Mother Nature dealt Southern California a one-two punch Sunday, the same day an earthquake triggered widespread tremors in Ventura County and the region was drenched by its first tropical storm in decades.
The 5.1-magnitude earthquake, which struck at 2:41 p.m., startled Southern Californians who were already bracing for the remainder of Hurricane Hillary, which brought hours of steady rain to the region’s already dry month. There were at least a dozen Aftershocks Scale-3.0 or higher.
The epicenter was four miles southeast of Ojai, about 80 miles northwest of Los Angeles.
Tres Hermanas restaurant in Ojai, Calif., shared video from the moment the 5.1 magnitude earthquake hit on Sunday.
Shaking has been reported Ventura, Camarillo, Oxnard, Newbury Park, Thousand Oaks, Simi Valley, Santa Barbara, parts of LA’s San Fernando Valley, Malibu, Porter Ranch, Manhattan Beach and Other places.
At Tres Hermanas restaurant in Ojai, security camera video captured images and shaking. A small picturesque community on the edge of Los Patres National Forest, 12 miles north of Ventura, Ojai has a vibrant downtown village area with art galleries, shops and bars.
There were no immediate reports of significant damage. The Ventura County Sheriff’s Department An aerial survey of Lake Casitas Dam, Mathilija Dam and the city of Ojai found no damage.
In Los Angeles, The City Fire Department All 106 nearby fire stations conducted damage surveys and went into earthquake mode.
“It’s interesting that this place is there,” he said Seismologist Dr. Lucy Jones. “It’s the first time since 1932 that we’ve had 5 in this exact location and even in the Ventura Basin.”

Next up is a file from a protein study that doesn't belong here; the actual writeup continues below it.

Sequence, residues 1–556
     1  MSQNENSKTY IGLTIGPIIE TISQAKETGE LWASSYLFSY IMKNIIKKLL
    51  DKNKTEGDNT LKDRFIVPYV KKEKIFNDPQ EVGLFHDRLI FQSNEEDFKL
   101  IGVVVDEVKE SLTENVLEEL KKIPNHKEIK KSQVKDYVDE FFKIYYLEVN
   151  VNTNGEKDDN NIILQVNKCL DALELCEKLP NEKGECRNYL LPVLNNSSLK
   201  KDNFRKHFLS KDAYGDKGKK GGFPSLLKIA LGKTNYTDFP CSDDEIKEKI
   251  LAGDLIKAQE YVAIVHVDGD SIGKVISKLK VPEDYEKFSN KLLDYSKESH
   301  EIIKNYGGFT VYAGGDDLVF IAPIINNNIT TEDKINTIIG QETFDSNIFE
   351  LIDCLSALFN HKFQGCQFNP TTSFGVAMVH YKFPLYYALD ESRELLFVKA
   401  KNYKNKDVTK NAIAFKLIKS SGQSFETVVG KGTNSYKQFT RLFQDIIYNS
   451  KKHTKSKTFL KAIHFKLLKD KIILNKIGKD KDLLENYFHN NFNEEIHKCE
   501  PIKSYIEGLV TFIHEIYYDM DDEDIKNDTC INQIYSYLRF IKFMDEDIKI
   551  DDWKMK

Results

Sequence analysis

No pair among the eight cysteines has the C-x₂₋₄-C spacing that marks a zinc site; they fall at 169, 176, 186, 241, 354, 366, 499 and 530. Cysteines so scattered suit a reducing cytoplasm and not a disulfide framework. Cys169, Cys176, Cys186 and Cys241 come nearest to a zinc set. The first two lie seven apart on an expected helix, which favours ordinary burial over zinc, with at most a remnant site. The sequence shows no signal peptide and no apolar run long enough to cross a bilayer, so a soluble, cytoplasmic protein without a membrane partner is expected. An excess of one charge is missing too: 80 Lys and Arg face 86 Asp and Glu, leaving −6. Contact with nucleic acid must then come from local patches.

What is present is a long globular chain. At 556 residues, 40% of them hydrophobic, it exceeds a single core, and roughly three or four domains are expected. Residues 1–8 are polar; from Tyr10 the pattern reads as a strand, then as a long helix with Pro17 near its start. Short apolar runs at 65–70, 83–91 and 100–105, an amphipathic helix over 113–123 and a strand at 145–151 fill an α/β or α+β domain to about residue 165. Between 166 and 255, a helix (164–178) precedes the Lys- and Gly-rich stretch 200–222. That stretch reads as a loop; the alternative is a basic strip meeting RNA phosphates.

A magnitude 5.1 earthquake was recorded in 1941 just west of Sunday’s quake, Jones said. Some of the aftershocks of the 1994 Northridge earthquake were east of the location.
The word “tornado” was trending Sunday after an earthquake struck Southern California.
Jones said more aftershocks are likely in the coming days.
Hashtag #Hurricane Afternoon Quake began to quickly gain popularity in X.
The earthquake coincided with a rare tropical storm hitting the Los Angeles area for the first time in decades. For the first time, Southern California is under a tropical storm warning, and much of Los Angeles County is under a flash flood warning with rain through Sunday night.
No tropical storms made landfall in Southern California until September 25, 1939, when a system lost its hurricane status before moving ashore in Long Beach. The results were disastrous.
Millions of Southern Californians received a flurry of emergency alerts on their phones Sunday — the first for a flash flood warning, the second for the Ventura County earthquake.
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